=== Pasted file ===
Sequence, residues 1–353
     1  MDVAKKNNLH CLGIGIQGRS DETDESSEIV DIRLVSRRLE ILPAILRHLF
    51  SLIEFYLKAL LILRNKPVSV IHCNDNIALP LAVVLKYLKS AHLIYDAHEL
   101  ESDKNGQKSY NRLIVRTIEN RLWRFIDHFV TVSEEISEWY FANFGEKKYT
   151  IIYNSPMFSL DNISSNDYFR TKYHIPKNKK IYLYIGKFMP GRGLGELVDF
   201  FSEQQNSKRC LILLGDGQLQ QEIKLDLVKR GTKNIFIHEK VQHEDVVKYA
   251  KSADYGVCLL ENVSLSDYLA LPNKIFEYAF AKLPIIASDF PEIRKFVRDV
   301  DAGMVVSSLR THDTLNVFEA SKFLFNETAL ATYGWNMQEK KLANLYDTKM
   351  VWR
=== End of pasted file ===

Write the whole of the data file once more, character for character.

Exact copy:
Sequence, residues 1–353
     1  MDVAKKNNLH CLGIGIQGRS DETDESSEIV DIRLVSRRLE ILPAILRHLF
    51  SLIEFYLKAL LILRNKPVSV IHCNDNIALP LAVVLKYLKS AHLIYDAHEL
   101  ESDKNGQKSY NRLIVRTIEN RLWRFIDHFV TVSEEISEWY FANFGEKKYT
   151  IIYNSPMFSL DNISSNDYFR TKYHIPKNKK IYLYIGKFMP GRGLGELVDF
   201  FSEQQNSKRC LILLGDGQLQ QEIKLDLVKR GTKNIFIHEK VQHEDVVKYA
   251  KSADYGVCLL ENVSLSDYLA LPNKIFEYAF AKLPIIASDF PEIRKFVRDV
   301  DAGMVVSSLR THDTLNVFEA SKFLFNETAL ATYGWNMQEK KLANLYDTKM
   351  VWR